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2nd March 2020

For an hour and a half, Semyon Bychkov electrified not only the Munich Philharmonic, but the audience in the Philharmonic Hall. The performance of Gustav Mahler’s Ninth captivated from the shattering beginning to the last breath with which this music fades away. A brief pause united performers and audience before the audience burst into applause.

Bychkov, who has already conducted the Philharmonic in several Mahler symphonies, now also proved himself a supreme navigator of the seemingly chaotic dissolution of the world and musical cosmos that Mahler portrays in his last completed symphony. It was impressive how he maintained and conveyed clear-sightedness in the crashing climaxes and polyphonic layering of the sweeping first movement.

And it was with pleasure that it was possible to follow the sometimes self-quoting events in the individual instrument groups: in the differentiation of the high and low strings; in the varied use of the richly ornamented winds; in the brass which oscillated between free and damped sounds; in the harps; and the massive percussion.

The members of the Philharmonic showed great commitment in all four movements. They made the second movement a wild combination through fairy-tale parades in the Landler and suppleness in the Waltz. In the rondo burlesque, conductor and orchestra highlighted the rawness that Mahler embedded in the fugue (and was manifested unashamedly by the winds)… The finale opened with the conciliatory sound of the violins, a broad stream of strings that culminated in a fine thread, leaving winds and horns to be the focus once again.

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23rd February 2020

Suddeutsche Zeitung 

Klaus P. Richter

It could be that it is the shadow of 1907 that echoes in Gustav Mahler’s Ninth Symphony: the tragic death of his little daughter Maria and the diagnosis of a damaged heart. Added to which his leaving Vienna to go to the New World. Either way, the first three movements with their fragmented structure balancing between faltering and dissolving, their aphoristic tribal codes and their bizarre instrumentation could easily be interpreted as such. This is why Bruno Walter interpreted the work as a “Farewell’ and Alban Berg as a “Premonition of Death”. Yet Mahler was also faced with the fact that his marriage was in crisis.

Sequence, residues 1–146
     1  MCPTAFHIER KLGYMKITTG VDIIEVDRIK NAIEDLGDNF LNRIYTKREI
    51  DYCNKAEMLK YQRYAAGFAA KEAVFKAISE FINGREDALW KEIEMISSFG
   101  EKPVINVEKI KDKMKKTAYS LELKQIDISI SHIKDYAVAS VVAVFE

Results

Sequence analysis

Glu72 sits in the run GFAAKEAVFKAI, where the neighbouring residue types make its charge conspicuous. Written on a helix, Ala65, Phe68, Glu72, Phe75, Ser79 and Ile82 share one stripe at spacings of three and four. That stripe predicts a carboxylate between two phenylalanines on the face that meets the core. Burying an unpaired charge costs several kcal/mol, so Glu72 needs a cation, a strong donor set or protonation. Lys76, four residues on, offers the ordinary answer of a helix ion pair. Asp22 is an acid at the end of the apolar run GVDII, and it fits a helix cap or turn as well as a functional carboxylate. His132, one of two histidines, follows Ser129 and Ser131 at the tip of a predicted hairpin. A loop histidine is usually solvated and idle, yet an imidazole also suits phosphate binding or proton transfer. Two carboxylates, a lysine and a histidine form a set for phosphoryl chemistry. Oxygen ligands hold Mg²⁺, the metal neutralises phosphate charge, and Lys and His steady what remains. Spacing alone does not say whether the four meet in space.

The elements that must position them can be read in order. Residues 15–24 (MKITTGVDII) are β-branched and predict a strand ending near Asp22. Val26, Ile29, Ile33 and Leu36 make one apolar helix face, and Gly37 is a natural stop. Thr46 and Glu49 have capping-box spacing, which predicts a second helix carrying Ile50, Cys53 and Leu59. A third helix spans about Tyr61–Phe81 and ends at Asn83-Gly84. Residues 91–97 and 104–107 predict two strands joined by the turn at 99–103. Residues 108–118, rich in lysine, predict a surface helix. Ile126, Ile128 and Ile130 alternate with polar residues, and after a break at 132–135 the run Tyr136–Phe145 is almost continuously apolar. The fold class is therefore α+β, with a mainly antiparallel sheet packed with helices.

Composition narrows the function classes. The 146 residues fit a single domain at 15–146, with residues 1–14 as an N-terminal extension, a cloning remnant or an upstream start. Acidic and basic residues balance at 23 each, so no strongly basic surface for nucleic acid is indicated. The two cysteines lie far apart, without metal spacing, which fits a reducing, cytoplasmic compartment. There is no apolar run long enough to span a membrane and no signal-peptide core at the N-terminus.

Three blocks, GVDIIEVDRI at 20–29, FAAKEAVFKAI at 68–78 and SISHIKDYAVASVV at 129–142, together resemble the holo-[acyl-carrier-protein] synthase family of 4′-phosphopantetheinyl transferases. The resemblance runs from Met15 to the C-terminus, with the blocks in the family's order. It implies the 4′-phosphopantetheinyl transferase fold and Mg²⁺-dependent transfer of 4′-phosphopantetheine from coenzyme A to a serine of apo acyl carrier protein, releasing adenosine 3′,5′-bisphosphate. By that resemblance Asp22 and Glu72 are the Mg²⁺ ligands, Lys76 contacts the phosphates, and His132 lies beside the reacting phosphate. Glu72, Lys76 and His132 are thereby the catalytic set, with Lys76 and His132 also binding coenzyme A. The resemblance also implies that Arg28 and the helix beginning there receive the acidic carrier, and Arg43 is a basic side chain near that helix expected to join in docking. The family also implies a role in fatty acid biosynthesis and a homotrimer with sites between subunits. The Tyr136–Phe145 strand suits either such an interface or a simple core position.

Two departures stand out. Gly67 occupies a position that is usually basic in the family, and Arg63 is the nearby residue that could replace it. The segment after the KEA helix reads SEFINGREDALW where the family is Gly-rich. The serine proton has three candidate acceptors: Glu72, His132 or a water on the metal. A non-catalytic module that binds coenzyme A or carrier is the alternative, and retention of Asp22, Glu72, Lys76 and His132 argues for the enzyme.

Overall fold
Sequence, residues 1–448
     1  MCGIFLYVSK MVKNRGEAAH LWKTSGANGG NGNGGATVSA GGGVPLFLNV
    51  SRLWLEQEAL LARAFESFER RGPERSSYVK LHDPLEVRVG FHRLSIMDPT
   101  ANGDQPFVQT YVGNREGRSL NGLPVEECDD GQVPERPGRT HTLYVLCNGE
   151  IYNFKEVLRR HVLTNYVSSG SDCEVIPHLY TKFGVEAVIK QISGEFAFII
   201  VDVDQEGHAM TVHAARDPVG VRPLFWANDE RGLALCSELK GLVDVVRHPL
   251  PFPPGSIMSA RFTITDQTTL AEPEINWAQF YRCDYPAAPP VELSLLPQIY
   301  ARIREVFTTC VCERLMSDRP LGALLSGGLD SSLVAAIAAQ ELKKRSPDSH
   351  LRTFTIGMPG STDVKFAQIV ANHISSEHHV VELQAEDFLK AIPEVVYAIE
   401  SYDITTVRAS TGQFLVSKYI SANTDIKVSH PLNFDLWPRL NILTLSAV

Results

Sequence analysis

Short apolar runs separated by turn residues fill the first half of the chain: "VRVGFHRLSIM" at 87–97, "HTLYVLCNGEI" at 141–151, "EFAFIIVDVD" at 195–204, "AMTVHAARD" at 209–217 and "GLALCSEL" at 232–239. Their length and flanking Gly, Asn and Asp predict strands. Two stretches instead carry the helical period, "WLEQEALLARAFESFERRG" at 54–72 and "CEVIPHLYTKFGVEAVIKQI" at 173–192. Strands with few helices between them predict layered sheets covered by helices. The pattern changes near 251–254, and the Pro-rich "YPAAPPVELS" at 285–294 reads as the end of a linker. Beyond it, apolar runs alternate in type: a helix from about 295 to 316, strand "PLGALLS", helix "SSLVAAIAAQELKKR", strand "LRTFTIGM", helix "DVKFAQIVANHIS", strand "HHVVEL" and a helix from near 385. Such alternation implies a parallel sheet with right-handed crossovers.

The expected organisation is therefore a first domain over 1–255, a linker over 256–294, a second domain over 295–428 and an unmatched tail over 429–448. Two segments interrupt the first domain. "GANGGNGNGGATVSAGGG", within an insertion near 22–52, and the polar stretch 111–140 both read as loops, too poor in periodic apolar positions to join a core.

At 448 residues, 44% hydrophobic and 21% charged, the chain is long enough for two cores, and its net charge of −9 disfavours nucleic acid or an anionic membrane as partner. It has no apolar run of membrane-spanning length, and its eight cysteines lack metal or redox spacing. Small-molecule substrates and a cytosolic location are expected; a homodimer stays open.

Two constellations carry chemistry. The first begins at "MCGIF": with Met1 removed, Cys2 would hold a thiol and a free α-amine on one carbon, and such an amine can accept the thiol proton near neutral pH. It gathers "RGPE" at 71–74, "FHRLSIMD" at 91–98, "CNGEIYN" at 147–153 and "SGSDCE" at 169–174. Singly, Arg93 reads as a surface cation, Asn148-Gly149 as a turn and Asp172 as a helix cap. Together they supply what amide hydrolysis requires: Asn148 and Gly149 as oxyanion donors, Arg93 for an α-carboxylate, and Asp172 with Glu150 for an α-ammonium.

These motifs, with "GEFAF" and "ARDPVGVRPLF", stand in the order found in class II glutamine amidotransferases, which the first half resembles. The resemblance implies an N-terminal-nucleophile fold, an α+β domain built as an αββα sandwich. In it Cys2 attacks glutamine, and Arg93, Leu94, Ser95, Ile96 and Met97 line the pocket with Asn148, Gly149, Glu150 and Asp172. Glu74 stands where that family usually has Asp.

.Semyon Bychkov, guest conductor with the Munich Philharmonic, was meticulously immersed in this disconnected patchwork of sound. He emphasized the physiognomy with gestures that were both clear and flexible, and never felt forced. In the Philharmonie, he turned what Mahler may have formulated in ghostly crisis mode into the hyper-expressive vocabulary of modernity. This was already evident in the overlong development of the first movement with its contrasting relief between pianissimo lyricism and triple forte “with supreme force” and in the recapitulation of the chamber-like “Misterioso”. In the second movement, Bychkov never exaggerated the rough dance-like rhythms; but rather focused on the minor section of the closing pianissimo. In the middle of the bizarrely instrumented fugati of the rondo burlesque, an ethereal D major passage and harp idylls floated solemnly. As is always the case with Gustav Mahler: after working through the garish dissonances of world turmoil, he draws a conclusion in the final movement – the dissolution of the disparity into the hope of redemption.

With Bychkov, the Munich Philharmonic, who had done a great job in mastering the complex work, celebrated the painful melting of the typical Mahler idiom with the dying pianissimo of the coda.

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12th February 2020

Semyon Bychkov complemented the State Opera Orchestra and the Vienna Philharmonic’s expertise in Strauss, conducting both the incredible outbursts and the magical, lyrical passages splendidly. There was much applause.

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10th February 2020

Goerke connected seamlessly with the State Opera Orchestra under Semyon Bychkov, who was conducting Strauss’s “Elektra” in the house for the first time in 20 years with his customary mixture of unrestrained power combined with the ability to focus attention on individual instruments at the appropriate moment, as if being burnt through a glass.

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